David Frankel is the director of Hope Springs, Marley & Me and The Devil Wears Prada. His latest film Collateral Beauty, is released this week and has a multitude of big names such as Kate Winslet, Helen Mirren and Will Smith. This Q&A focused on the cast and the ideas behind the film. You can see the results below!
Collateral Beauty is released on St Stephen’s Day.
How did you bring together such incredible ensemble cast on this film, with actors like Will Smith, Kate Winslet, Helen Mirren, Edward Norton, Keira Knightley, Michael Peña, Naomie Harris, Jacob Latimore, etc.?
The process began with sending out the script, which was a beautiful invitation to come play. And it didn’t hurt that Will Smith was already attached to play Howard.
In a way, this is two movies: It’s Howard’s story, and then it’s the story of the other executives in Howard’s firm. As far as the rest of the casting, there was an initial school of thought that said, ‘Oh, you have Will. Now just get the most interesting, cool, indie actors you can.’ But I didn’t want the audience to just be waiting to get back to Will as Howard, so I campaigned really hard for the biggest, best actors we could get in every role.
Jacob Latimore was the first person who came in to audition for the role of Raffi, who personifies the concept of Time to Howard. As a director, there’s this impulse to feel the need to see other people for the role, but everyone involved just thought, ‘Why?’ Jacob nailed it, and, in the end, there was no other choice.
Even though Will is taking on a very emotional role in the film, he’s also known to be a really fun guy on set. How did you find the experience of working with him?
As the director, I could say, ‘Okay, now, come on everybody; be serious. We’re shooting a serious scene.’ But Will would have the sound guy hook up speakers and he’d be rapping and singing show tunes between takes or between set-ups. I mean, he would be completely clowning around. This one day, we were shooting a particularly intense scene with Will and Naomie Harris, and he really went for it. And Naomie, to her credit, could not be thrown. They were really enjoying themselves and then, poof, the camera is rolling and they both settled in and were firing on all cylinders. It was really fascinating to watch [laughs].
One of the parallel storylines running through the film involves Naomie Harris’s character, Madeline, gently coaxing Howard into her counseling group. Can you talk about shaping that dynamic with Naomie and Will?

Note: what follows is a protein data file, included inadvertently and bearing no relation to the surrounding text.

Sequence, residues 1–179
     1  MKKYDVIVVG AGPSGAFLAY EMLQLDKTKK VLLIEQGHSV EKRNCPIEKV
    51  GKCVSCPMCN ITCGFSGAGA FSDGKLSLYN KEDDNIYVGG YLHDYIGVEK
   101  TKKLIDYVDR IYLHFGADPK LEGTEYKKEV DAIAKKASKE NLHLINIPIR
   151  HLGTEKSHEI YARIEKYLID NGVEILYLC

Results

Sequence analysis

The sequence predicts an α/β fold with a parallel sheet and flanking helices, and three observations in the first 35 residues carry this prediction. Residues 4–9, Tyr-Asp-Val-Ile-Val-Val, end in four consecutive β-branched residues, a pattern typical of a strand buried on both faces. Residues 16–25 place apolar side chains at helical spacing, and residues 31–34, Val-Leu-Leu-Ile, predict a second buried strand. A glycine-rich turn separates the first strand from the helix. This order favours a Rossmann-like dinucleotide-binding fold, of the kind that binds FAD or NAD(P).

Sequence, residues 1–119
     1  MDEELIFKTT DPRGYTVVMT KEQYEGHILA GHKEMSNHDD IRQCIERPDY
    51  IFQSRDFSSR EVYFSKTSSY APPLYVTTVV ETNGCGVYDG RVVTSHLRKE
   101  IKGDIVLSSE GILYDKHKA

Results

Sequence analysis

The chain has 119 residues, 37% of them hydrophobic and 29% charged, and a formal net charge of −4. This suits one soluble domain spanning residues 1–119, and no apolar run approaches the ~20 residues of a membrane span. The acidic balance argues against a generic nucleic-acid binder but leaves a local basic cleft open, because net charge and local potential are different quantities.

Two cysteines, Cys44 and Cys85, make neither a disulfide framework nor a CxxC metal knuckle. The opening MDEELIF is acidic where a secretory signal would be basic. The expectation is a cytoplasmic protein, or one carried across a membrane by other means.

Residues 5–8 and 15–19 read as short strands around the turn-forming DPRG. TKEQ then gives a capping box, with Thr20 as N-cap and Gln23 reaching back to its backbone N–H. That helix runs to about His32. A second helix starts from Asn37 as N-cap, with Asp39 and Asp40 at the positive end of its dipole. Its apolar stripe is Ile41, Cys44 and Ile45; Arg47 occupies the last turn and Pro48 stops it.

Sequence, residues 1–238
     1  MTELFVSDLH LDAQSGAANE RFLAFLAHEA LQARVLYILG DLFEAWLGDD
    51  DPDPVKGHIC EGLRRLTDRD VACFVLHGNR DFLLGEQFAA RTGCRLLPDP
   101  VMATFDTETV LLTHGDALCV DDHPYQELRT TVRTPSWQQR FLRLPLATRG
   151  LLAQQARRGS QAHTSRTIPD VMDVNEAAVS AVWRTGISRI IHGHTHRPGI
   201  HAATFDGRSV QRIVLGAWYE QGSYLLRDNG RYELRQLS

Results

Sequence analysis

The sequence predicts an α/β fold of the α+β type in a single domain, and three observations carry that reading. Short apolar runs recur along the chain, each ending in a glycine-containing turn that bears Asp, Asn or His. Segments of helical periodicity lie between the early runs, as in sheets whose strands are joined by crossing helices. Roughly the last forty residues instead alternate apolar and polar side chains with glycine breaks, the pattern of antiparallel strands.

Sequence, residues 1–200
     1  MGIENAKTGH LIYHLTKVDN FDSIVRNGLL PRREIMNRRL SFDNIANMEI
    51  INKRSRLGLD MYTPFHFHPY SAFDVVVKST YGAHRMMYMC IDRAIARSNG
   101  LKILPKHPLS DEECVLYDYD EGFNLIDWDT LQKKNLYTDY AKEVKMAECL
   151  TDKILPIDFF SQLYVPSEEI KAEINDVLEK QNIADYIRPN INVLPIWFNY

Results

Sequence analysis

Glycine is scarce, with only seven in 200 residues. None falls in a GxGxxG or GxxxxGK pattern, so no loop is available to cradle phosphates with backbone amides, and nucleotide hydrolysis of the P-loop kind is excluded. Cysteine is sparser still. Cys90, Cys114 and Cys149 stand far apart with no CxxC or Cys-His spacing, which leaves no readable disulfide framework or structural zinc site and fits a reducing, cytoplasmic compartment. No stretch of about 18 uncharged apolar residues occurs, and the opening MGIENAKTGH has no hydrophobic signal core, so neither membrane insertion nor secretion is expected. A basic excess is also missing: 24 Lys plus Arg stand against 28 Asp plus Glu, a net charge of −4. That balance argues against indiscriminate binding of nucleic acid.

Naomie’s chemistry with Will is very specific to her character and really special, and I think discovering the emotion in Madeline is one of the real pleasures in store for audiences. It’s beneath the surface, but then it peeks through every once in a while.
The film takes audiences on an emotional journey that is uplifting and surprisingly funny. Was this thread of humour always there in the film or was it something that emerged in the post-production process?
It was always there, and we made sure to highlight as much of the levity as possible in the post-production process. When I make a movie, I don’t actually even see it until weeks after we’ve finished shooting. I have the editor put it all together, so that when I sit down and watch it, it’s a fully scored movie with titles and everything. Then you can be like the audience. You’re experiencing all the wonderful, magical elements of the film for the first time.
Initially, I concocted this phrase that this film is a ‘screwball drama’ – and Will never lost sight of the screwball. He finds comedy in each moment and plays it. For example, there’s a scene where Kate Winslet’s character, Claire, says to Howard, ‘We want you in a meeting,’ and he’s kind of paralyzed – and you laugh because of how he plays it. That’s part of his natural buoyancy.
One scene that surprised me in post-production was this moment when Will and Helen [Mirren] are on a bench in a dog park, and she introduces herself as ‘Death.’ She says, ‘Nice to meet you.’ He says, ‘nope,’ and walks away. When you show that scene to an audience of 400 people, it’s one of the film’s biggest laughs. The film played, at many points, like a comedy, which was so gratifying. It’s a real roller coaster ride for many people.
I think Will was aware of all the comedy all the time, which is why I think he had so much fun making this movie. He gets so much energy from things like that. He’s a fascinating, fascinating man.
What do you hope audiences experience when they see Collateral Beauty in the cinema?
I hope they say, ‘You’re going to see something original that you haven’t seen before, and it’s going to make you feel things that you haven’t felt before.’
As you watch the film, you’re not going to see a car chase. You’re not going to see someone jump off a building. You’re not going to see somebody mow down 17 goblins. Those things aren’t going to happen in Collateral Beauty. But we are going to give you a life-affirming, chest-swelling experience that takes you out of your everyday, and gives you something to talk about.